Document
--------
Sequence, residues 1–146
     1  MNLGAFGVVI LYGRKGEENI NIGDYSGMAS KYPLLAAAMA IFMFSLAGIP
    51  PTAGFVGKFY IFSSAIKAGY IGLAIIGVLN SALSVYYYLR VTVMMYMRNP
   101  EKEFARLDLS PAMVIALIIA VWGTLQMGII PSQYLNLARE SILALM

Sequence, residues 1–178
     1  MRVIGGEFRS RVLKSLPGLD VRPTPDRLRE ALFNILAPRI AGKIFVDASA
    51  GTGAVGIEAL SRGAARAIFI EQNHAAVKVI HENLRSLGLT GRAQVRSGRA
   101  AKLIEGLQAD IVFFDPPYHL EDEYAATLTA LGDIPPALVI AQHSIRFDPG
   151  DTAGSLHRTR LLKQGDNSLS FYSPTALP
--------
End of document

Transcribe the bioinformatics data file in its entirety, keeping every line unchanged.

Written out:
Sequence, residues 1–146
     1  MNLGAFGVVI LYGRKGEENI NIGDYSGMAS KYPLLAAAMA IFMFSLAGIP
    51  PTAGFVGKFY IFSSAIKAGY IGLAIIGVLN SALSVYYYLR VTVMMYMRNP
   101  EKEFARLDLS PAMVIALIIA VWGTLQMGII PSQYLNLARE SILALM

Sequence, residues 1–178
     1  MRVIGGEFRS RVLKSLPGLD VRPTPDRLRE ALFNILAPRI AGKIFVDASA
    51  GTGAVGIEAL SRGAARAIFI EQNHAAVKVI HENLRSLGLT GRAQVRSGRA
   101  AKLIEGLQAD IVFFDPPYHL EDEYAATLTA LGDIPPALVI AQHSIRFDPG
   151  DTAGSLHRTR LLKQGDNSLS FYSPTALP